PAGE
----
Sometimes simple vegetables can be so beautiful. This was just lightly cooked broccoli, bean sprouts, edamame and cucumber with a little brown rice vinegar, oil and sea salt:
Brussel sprouts have the potential to be exquisite. These were incredibly simple. Hot oil, sprouts chopped in half, add to oil chopped half down. After a bit, put a lid on. Add a bit of water if needed to get the pan juices. Sprinkle with flakes of fine sea salt.
Cooked this way they get a sort of sweetness. Broth could be added instead of water. If you have no objection, I recommend trying this with duck fat, but butter and vegetable oils– including coconut oil– work as well. You can have it going while you cook something else. If only brussel sprouts were not so expensive!
Spring is officially here. The late spring as the weather struggles towards summer can be rough, the body feeling depleted of nutrients, vitamins, sunshine. A couple weeks ago I got delicious organic fennel from my food co-op. It was Italian. Here are some things that I did with it:
Duck breast is really easy– pan friend, excess oil scooped out and used to cook the carrots and fennel. Then I put it all in the oven to get it extra crispy. The juices of the duck added to the vegetables when served.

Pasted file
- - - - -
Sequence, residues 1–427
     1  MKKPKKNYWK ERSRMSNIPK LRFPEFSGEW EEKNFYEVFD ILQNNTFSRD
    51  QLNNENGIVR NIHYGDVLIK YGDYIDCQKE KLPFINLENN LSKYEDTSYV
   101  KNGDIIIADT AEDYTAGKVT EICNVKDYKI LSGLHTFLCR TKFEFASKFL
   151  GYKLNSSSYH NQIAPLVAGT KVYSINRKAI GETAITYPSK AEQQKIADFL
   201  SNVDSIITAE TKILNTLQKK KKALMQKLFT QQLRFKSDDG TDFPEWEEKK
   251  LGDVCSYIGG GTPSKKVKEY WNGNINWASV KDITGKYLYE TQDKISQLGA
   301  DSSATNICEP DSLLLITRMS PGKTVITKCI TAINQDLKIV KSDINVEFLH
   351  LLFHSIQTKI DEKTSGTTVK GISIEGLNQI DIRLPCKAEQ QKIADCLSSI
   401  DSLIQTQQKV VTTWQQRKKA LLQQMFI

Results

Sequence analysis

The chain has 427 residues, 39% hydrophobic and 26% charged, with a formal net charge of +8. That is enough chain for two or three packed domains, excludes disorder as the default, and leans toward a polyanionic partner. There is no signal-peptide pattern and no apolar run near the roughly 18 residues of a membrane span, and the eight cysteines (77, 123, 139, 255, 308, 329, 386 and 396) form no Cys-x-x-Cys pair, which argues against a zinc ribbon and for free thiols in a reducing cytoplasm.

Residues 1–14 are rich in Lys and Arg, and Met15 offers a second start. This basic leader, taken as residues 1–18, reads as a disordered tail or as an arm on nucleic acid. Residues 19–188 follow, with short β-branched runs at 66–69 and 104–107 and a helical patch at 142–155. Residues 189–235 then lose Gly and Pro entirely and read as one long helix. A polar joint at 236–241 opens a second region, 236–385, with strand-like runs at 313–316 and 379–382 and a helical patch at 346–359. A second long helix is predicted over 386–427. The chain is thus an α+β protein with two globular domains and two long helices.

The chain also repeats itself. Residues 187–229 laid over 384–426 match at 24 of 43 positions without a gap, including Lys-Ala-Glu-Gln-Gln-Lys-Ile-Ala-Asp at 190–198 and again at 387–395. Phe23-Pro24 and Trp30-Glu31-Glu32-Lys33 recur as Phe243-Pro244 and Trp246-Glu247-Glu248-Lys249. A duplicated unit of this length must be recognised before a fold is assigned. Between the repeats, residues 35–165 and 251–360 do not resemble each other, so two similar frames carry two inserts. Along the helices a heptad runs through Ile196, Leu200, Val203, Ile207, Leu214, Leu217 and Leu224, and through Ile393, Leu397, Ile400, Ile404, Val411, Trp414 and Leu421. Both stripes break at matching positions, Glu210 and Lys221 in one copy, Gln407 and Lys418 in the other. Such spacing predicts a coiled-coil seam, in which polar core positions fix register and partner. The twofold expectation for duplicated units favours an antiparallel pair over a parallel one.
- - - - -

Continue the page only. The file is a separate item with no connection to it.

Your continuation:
It has also been asparagus season in Europe:
However, the most spectacular was an easily roasted chicken, using my slapdash interpretation of Marcella Hazan’s famous and foolproof roast chicken with lemons. (Here recipe is all over the interwebs, but that link is to a no-frills posting of it on the New York Times). My lemons were too large, so I had to cut them and only used one. The fennel was cooked beneath the chicken; this must be one of the best ways to cook fennel.
Finnish spring vegetables are finally starting to be available here, including beautiful radishes from the Lindroth farm near Turku.
I only buy those radishes when I can get them really fresh. The leaves are great to eat as well; I wash them in several waters and put them into a curry, or sauté them. It was wonderful to see the beautiful colours again!
This salad had a very very easy dressing, with sesame seeds toasted in macadamia nut butter, salt and a nice unsweetened rice vinegar. Yums.
Served with pan-friend salmon stakes. Kale, tomatoes, beautiful Korean mint, amaranth (quinoa might have been better), lime, salt, macadamia nut oil. This is Lacinato or Tuscan Kale, a bit harder to find in Helsinki. I found this at Citymarket Ruohonlahti. In the summer, one can find this kale, called mustakaali (literally, Black Cabbage) from Anton and Anton shops. Interestingly, in England this sort of kale is also sometimes known as Black Cabbage. In the United States, I have heard people call it Dino Kale. It is softer that standard kale and lends itself easily to raw salads when massaged with a bit of oil and salt. The salmon I served with it was seasoned primarily with sumac and paprika. It was very fast to make!
The korean mint came from Stockmann’s. It was from Mimis . Mimis salads and greens are expensive, but they are so fresh and spectacular. You can also find them at S-Market Bulevardi, and I think the prices are maybe a tiny bit better there, but the selection is also more limited.
Recently I chanced upon some kutun rahka or the Finnish version of quark made with goat milk, on sale. It was from a lovely Finnish creamery, dairy and cheesmaker Saloniemi (Saloniemen Juustola).